Soul cake

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Souling was a Christian practice carried out in many English towns on Halloween and Christmas

A soul cake is a small round cake which is traditionally made for All Saints Day or All Souls' Day to celebrate the dead.[1] The cakes, often simply referred to as souls, were given out to soulers (mainly consisting of children and the poor) who would go from door to door on Halloween singing and saying prayers for the dead. Each cake eaten would represent a soul being freed from Purgatory. The practice of giving and eating soul cakes is often seen as the origin of modern trick-or-treating. In Lancashire and in the North-east of England they were also known as Harcakes.[2]

History[edit]

The tradition of giving soul cakes was celebrated in Britain or Ireland during the Middle Ages,[3] although similar practices for the souls of the dead were found as far south as Italy.[4]

The cakes were usually filled with allspice, nutmeg, cinnamon, ginger or other sweet spices, raisins or currants, and before baking were topped with the mark of a cross to signify that these were alms. They were traditionally set out with glasses of wine on All Hallows' Eve as an offering for the dead, and on All Saints' Day and All Souls' Day children would go "souling",[5] or ritually begging for cakes door to door. In 1891, Rev. M. P. Holme of Tattenhall, Cheshire, collected the song traditionally sung during souling, from a little girl at the local school.[6] Two years later, the text and tune were published by folklorist Lucy Broadwood, who commented that souling was still practised at that time in Cheshire and Shropshire.[7] Further recordings of the traditional soul-cake song were collected in various parts of England until the 1950s.[8] Versions collected later may have been influenced by folk revival recordings of the song by such groups as The Watersons.

The 1891 song contains the following lyrics:

A soul! a soul! a soul-cake!
Please good Missis, a soul-cake!
An apple, a pear, a plum, or a cherry,
Any good thing to make us all merry.
One for Peter, two for Paul
Three for Him who made us all.

In 1963, the American folk group Peter, Paul and Mary recorded a version of this traditional song, titled "A' Soalin", whose verses include the following:

Soul, soul, a soul cake!
I pray thee, good missus, a soul cake!
One for Peter, two for Paul,
Three for Him what made us all!
Soul cake, soul cake, please good missus, a soul cake.
An apple, a pear, a plum, or a cherry, any good thing to make us all merry.
One for Peter, two for Paul, and three for Him who made us all.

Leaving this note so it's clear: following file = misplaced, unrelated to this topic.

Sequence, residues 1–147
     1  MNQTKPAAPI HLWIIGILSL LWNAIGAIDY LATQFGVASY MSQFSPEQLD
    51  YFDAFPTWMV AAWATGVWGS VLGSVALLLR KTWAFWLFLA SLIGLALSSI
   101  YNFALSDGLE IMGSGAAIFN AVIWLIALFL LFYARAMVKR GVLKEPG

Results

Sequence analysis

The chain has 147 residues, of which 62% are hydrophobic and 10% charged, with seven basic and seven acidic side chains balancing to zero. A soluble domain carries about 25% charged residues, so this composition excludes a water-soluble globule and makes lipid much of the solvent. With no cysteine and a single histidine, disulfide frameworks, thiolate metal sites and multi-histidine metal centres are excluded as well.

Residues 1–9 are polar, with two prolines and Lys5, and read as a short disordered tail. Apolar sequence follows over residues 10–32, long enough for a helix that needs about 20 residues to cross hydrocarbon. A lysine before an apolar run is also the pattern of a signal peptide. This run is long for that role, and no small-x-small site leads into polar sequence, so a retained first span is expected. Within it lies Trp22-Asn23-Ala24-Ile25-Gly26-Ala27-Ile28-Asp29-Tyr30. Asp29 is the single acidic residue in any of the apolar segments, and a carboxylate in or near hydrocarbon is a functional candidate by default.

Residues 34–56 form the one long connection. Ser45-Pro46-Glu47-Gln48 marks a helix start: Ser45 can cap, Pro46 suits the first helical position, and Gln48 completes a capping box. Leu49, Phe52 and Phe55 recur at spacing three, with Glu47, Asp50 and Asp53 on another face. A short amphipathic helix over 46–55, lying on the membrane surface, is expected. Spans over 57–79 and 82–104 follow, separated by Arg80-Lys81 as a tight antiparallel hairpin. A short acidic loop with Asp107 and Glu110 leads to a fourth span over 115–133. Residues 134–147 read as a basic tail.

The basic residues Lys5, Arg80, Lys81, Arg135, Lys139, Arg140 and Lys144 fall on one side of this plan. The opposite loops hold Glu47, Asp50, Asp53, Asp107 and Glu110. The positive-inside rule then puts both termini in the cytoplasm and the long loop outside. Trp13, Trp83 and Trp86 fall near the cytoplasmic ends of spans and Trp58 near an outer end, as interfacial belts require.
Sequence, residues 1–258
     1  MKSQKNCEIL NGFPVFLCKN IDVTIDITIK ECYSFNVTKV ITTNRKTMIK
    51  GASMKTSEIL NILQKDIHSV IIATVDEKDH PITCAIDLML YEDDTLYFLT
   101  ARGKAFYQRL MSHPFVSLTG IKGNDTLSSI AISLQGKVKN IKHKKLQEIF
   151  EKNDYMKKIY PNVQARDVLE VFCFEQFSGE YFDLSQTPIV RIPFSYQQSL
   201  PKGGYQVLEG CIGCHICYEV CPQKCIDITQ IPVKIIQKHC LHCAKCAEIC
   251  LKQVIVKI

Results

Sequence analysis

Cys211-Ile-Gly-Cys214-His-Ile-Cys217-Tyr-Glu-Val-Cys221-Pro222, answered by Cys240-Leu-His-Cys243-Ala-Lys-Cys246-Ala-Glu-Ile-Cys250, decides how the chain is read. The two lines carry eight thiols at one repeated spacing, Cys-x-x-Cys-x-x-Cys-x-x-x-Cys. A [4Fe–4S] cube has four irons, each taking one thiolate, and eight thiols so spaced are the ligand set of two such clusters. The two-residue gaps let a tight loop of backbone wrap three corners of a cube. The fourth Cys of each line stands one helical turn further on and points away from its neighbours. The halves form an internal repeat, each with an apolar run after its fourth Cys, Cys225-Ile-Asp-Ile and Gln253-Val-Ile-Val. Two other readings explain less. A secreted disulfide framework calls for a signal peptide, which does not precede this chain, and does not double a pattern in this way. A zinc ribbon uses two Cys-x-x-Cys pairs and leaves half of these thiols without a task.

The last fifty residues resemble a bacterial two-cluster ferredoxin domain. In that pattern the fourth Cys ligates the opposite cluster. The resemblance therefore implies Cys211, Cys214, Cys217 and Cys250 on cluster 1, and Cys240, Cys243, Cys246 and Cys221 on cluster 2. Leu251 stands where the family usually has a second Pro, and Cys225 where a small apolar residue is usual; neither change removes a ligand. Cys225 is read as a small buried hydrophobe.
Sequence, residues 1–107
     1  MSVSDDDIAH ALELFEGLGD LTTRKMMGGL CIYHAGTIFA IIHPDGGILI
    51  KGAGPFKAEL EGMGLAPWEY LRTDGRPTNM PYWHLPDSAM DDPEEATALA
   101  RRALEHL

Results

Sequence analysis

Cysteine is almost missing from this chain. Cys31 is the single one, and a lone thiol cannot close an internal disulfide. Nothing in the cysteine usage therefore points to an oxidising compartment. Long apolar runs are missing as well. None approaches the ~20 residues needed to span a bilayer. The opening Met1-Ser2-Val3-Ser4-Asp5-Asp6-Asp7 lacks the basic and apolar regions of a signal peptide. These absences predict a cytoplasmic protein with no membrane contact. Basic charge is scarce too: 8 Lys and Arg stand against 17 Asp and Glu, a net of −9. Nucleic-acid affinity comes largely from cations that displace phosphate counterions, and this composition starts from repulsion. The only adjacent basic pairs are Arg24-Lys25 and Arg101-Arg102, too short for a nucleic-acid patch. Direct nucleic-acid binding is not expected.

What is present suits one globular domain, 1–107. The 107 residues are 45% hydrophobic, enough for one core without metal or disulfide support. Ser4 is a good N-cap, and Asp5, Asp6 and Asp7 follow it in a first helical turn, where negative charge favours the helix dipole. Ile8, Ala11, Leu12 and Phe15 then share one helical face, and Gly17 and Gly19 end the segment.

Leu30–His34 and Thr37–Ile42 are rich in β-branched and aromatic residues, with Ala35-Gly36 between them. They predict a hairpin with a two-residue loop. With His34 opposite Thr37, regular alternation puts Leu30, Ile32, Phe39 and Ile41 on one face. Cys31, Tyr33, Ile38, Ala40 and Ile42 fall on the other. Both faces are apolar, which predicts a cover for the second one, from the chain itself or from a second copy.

American Hallowe'en composer Kristen Lawrence found two historical tunes associated with soul cakes as she was researching souling songs for her 2009 A Broom With A View album. As Lawrence heard the traditional Cheshire tune, she was struck that the beginning notes were the same as the mediaeval plainchant Dies Irae, "Day of Judgment", calling the people to repent and pray for the dead. It seemed plausible that the Cheshire tune could be a folk corruption of the chant as children and beggars asked for cakes in return for praying for the dead.[9]

The song "Soul Cake" from British rock musician Sting's 2009 album If on a Winter's Night... seems to be an adaptation of the Peter, Paul, and Mary version, in that both depart from historical accuracy by referring to Christmas rather than All Saints' Day or All Souls' Day.

See also[edit]

References[edit]

  1. ^ Simoons, Frederick J. (1998). Plants of Life, Plants of Death. University of Wisconsin Press. ISBN 0-299-15904-3. 
  2. ^ Ditchfield, Peter Hampson (1896). Old English Customs Extant at the Present Time. pp. 165–166. 
  3. ^ Rogers, Nicholas (2002). Halloween: From Pagan Ritual to Party Night. Oxford University Press. pp. 28–30. ISBN 0-19-514691-3. 
  4. ^ Castella, Krystina (2010). A World of Cakes: 150 Receipes for Sweet Traditions from Cultures Near and Far. Storey Publishing. p. 76. ISBN 978-1-60342-576-6. 
  5. ^ Bogle, Joanna (1993). A Book of Feasts and Seasons. Gracewing Publishing. p. 193. ISBN 0-85244-217-3. 
  6. ^ Gregory, E. David (2010). The Late Victorian Folklore Revival. Scarecrow Press. p. 315. ISBN 978-0-8108-6988-2. 
  7. ^ Broadwood, Lucy (1893). English County Songs: Words and Music. Leadenhall Press. p. 185. 
  8. ^ "Roud Folksong Index entry on "Souling Song (Roud 304)"". Ralph Vaughan Williams Memorial Library, English Folk Dance and Song Society. 
  9. ^ Lawrence, Kristen (2009). "Hallowe'en Carols – Music for the Autumnal Season". In A Broom With A View [CD Booklet]. Santa Ana: Vörswell Music. 

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